A Q&A about the new #coronavirus variant with the Fred Hutch scientist who’s been tracking its spread | The Seattle Times
Q: You’ve said the new variant might be slightly less susceptible to vaccine-induced immunity, but that it isn’t different enough to completely foil existing vaccines. Why?
A: The main reason I think that is because there’s a particular mutation in the U.K. variant that removes two different (portions) of the spike protein, and that tucks in a bit of protein that was sticking out and was an antibody target. So it removes that target for antibodies.
And there was a study from a lab in Cambridge where they took serum from people who had recovered from #COVID and measured it against wild type virus and against viruses that have this deletion. And they saw that the antibodies of the recovered individuals neutralize the mutated virus significantly less than the wild type virus.
If I had to hazard a guess, I believe we could see a modest reduction, like from 95% vaccine effectiveness to 85% or so, but I don’t think it would really severely inhibit the vaccine.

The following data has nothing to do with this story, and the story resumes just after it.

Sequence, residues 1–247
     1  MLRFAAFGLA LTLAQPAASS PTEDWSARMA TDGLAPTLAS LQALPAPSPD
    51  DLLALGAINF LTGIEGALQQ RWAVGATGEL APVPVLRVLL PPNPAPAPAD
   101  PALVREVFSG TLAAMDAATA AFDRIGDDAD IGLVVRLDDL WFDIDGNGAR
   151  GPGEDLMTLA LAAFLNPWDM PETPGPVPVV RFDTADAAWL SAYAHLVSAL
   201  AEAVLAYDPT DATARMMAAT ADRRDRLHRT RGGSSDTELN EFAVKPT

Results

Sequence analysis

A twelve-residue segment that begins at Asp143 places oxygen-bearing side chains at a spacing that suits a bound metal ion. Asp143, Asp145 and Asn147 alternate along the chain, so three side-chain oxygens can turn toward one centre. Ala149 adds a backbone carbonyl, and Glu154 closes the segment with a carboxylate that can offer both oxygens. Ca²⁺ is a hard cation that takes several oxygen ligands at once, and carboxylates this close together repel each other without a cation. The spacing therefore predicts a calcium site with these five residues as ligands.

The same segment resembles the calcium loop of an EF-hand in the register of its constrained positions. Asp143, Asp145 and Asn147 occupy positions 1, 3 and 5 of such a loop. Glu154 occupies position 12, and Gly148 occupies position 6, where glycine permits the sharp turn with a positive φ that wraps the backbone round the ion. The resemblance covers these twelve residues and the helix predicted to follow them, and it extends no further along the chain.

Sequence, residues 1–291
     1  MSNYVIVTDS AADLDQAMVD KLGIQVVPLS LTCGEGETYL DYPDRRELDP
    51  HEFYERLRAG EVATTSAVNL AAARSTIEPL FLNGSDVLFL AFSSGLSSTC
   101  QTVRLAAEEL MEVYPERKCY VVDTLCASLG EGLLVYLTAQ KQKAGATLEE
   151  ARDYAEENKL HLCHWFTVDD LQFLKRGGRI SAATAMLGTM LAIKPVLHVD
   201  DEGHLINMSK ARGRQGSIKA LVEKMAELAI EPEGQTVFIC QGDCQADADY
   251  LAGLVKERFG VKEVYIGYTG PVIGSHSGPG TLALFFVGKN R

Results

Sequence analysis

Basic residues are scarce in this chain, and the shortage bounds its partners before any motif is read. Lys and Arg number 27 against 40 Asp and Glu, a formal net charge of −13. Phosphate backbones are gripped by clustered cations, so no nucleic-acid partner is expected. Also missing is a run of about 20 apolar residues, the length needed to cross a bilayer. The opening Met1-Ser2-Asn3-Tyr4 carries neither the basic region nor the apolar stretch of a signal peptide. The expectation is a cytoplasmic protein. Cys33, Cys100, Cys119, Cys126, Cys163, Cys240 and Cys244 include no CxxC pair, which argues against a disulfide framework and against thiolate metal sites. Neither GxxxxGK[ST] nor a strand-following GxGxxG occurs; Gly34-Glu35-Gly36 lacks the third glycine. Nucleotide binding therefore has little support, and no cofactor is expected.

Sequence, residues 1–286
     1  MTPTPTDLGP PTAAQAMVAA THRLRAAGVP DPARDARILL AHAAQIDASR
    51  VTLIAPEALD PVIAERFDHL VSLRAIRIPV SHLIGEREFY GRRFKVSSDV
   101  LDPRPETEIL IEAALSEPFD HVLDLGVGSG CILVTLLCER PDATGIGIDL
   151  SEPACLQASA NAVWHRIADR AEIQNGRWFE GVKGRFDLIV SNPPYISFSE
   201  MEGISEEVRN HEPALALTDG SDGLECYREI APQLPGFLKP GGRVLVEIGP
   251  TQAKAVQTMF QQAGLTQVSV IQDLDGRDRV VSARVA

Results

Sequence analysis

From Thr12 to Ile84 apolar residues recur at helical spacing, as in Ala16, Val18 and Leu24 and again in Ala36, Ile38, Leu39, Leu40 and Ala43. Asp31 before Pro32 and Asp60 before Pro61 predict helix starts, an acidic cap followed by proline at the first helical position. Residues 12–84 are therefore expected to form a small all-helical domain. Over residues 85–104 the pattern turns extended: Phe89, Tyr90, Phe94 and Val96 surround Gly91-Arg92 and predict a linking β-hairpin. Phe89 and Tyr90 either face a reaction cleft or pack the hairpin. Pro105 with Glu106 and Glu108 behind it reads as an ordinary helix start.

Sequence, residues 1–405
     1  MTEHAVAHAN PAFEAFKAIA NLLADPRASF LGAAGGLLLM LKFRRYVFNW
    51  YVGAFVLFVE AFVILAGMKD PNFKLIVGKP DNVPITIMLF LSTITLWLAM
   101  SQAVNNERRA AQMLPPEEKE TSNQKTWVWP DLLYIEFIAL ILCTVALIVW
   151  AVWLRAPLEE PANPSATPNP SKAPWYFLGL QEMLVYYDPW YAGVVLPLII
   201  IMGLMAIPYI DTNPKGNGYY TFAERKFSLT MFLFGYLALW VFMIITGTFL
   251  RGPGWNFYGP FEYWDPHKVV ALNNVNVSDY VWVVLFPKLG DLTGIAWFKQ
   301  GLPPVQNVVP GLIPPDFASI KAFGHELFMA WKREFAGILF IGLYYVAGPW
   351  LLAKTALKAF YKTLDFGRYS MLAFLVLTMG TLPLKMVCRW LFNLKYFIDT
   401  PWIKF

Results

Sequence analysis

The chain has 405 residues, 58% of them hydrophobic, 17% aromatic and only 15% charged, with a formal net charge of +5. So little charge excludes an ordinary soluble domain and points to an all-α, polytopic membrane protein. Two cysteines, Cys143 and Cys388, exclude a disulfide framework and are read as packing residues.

Q: What does the rapid emergence of this new variant suggest about the future? Are we going to eventually see strains that are resistant to all of vaccines?
A: It was surprising to me, and I think, to most evolutionary virologists. The evolutionary mechanism definitely appears to be selection for more transmissibility. The virus evolves to more transmissible because that’s what evolution is selecting for.
Most people haven’t yet been infected and don’t have immunity, but as we have more and more individuals with immunity from natural infection or vaccination, you do have more evolutionary pressure on the virus to evolve in ways that escape from that immunity.
However, my main expectation here comes from what we know about seasonal coronavirus, which account for 30% of common colds. We can look at their evolution and they seem to infect people every three years or so and evolve at a slightly slower rate than influenza. That suggests to me a kind of flu-like pattern where you might need to update the vaccine every two or three years, and where evolving strains might be able to reinfect people on that sort of time scale as well.